Middle East respiratory syndrome coronavirus (MERS-CoV) viral shedding in the respiratory tract: an observational analysis with infection control implications

Int J Infect Dis. 2014 Dec;29:307-8. doi: 10.1016/j.ijid.2014.10.002. Epub 2014 Oct 24.

Abstract

Background: Since the first description of Middle East respiratory syndrome coronavirus (MERS-CoV), it has not been known how long patients shed the virus in respiratory secretions. Thus, we analyzed the available data on time to negative MERS-CoV test in patients with confirmed MERS-CoV infection and asymptomatic positive contacts.

Methods: Data from repeated laboratory testing of respiratory samples received at the Saudi Arabian virology reference laboratory in Jeddah, Kingdom of Saudi Arabia from September 1, 2012 to September 31, 2013 were recorded. A real-time RT-PCR test for MERS-CoV was used. Data were analyzed by origin of sample, sample type, and MERS-CoV PCR test results.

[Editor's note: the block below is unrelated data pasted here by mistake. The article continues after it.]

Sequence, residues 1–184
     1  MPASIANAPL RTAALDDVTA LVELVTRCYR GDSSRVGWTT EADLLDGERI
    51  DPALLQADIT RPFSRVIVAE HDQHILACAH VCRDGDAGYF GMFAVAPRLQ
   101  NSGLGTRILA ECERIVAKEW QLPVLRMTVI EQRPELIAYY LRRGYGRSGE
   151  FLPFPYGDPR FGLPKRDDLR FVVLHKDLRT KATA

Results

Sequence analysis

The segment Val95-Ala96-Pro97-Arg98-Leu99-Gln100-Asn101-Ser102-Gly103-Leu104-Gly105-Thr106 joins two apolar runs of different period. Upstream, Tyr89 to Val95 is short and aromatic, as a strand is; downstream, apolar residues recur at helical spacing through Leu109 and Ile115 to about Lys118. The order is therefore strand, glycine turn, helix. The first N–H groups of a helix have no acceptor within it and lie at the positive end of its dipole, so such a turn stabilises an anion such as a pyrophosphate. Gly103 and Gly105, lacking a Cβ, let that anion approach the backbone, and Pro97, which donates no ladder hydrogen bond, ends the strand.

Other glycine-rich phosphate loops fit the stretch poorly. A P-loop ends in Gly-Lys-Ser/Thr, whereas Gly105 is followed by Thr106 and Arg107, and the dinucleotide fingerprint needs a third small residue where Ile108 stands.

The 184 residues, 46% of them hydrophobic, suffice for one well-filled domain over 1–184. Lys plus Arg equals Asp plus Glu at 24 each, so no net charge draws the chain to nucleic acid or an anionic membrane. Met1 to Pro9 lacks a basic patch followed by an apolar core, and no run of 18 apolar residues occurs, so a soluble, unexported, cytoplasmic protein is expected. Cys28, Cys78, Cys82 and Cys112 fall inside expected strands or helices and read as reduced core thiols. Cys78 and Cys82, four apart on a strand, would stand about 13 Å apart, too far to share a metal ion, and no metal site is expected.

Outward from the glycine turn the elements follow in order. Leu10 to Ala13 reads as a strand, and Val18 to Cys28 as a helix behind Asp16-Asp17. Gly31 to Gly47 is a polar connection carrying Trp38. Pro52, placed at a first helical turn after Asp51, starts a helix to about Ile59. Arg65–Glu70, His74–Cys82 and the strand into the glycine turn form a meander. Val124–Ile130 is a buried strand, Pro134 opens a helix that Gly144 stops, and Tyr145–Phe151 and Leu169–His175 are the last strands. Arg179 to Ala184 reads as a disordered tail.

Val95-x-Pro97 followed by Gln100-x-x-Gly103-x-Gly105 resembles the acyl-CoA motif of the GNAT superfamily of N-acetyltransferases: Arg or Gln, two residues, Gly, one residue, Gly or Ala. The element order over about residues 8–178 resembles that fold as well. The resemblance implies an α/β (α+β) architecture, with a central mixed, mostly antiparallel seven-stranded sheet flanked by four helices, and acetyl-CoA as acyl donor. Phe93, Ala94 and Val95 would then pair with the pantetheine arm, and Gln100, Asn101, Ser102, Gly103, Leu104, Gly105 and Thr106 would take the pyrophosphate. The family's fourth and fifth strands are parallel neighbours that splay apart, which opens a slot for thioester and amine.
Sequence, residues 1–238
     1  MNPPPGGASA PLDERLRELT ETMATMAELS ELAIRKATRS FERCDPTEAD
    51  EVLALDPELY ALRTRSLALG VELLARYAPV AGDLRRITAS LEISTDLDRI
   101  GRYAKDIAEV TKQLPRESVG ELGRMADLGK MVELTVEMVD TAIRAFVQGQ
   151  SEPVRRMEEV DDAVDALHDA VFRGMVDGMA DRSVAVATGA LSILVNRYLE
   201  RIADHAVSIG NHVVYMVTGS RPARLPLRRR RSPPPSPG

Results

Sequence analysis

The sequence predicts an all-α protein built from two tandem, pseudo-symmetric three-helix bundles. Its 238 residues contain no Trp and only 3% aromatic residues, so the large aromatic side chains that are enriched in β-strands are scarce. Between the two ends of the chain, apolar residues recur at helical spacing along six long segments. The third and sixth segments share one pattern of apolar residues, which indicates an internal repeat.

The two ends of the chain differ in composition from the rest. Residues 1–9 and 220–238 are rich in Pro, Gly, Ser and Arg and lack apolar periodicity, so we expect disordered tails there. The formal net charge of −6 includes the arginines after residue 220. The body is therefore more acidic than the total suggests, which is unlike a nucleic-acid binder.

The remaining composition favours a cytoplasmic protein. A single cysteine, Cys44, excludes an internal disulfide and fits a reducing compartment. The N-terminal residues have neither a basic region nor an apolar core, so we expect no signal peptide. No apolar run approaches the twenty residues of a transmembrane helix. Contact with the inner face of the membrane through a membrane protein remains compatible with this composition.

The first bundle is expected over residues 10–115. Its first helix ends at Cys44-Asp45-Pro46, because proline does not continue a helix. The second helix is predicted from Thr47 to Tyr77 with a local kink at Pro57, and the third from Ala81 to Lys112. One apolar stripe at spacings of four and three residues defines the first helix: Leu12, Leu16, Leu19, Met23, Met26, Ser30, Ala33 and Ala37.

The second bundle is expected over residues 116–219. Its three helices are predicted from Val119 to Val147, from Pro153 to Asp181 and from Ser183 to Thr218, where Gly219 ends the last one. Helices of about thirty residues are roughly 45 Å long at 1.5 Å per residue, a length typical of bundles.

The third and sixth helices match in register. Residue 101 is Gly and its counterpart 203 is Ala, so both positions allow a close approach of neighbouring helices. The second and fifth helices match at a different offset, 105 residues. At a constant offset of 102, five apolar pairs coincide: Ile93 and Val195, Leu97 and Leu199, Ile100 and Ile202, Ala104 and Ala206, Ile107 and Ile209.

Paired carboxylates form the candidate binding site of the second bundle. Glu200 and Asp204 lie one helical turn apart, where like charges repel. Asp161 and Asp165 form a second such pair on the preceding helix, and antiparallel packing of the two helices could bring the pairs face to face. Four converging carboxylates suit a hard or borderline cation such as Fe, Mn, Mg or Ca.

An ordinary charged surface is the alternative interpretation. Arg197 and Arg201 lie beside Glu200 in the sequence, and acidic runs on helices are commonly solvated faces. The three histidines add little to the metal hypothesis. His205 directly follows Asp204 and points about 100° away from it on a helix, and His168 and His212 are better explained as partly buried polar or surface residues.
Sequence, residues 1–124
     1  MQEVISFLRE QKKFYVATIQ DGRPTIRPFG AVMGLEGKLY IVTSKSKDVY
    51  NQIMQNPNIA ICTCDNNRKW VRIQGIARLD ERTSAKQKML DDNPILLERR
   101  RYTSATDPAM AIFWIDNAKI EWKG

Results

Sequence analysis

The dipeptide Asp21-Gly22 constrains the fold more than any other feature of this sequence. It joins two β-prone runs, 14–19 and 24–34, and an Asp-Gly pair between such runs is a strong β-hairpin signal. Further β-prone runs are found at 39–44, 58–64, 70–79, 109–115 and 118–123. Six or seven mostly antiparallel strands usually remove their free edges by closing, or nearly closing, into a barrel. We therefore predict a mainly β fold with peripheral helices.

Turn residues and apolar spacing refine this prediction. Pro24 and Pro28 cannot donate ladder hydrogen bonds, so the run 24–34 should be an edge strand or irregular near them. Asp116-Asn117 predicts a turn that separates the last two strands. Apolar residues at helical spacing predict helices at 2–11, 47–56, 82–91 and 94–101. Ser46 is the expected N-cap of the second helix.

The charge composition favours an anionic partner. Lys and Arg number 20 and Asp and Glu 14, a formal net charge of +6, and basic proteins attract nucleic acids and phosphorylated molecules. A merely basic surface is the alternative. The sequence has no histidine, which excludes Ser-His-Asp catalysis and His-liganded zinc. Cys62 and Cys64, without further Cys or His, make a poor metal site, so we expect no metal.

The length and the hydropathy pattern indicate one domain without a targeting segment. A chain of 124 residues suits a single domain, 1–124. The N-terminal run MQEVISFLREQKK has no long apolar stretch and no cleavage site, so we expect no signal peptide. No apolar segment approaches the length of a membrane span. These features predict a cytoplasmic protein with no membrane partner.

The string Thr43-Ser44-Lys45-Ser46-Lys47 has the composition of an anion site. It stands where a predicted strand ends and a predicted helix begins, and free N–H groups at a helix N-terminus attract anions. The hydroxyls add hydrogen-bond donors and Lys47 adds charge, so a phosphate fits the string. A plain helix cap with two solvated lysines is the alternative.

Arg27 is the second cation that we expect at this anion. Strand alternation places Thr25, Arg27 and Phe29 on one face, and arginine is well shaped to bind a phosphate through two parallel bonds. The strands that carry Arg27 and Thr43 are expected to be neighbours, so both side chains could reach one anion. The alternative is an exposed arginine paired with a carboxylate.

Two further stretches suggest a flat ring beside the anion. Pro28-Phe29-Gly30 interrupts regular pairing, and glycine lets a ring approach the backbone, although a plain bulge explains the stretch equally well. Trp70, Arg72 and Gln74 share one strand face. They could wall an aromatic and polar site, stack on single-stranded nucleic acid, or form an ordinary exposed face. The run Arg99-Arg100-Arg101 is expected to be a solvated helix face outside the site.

Results: Twenty-six individuals (13 patients and 13 contacts) had repeated testing done until a negative test was obtained. Most samples from MERS-CoV cases were tracheal aspirate/sputum (p=0.0006) and most samples from contacts were nose and throat swabs (p=0.0002). Kaplan-Meier curve analysis showed that contacts cleared the virus at a much earlier time than patients. On day 12, 30% of contacts and 76% of cases were still positive for MERS-CoV by PCR.

Conclusions: Contacts cleared MERS-CoV earlier than ill patients. This finding could be related to the types of sample as well as the types of patient studied. More ill patients with significant comorbidities shed the virus for a significantly longer time. The results of this study could have critical implications for infection control guidance and its application in healthcare facilities handling positive cases.

Keywords: Coronavirus; MERS-CoV; Middle East; RT-PCR; Viral kinetics.

Publication types

  • Observational Study

MeSH terms

  • Coronavirus Infections / prevention & control
  • Coronavirus Infections / virology*
  • Humans
  • Infection Control
  • Middle East Respiratory Syndrome Coronavirus*
  • Respiratory System / virology*
  • Saudi Arabia
  • Virus Shedding*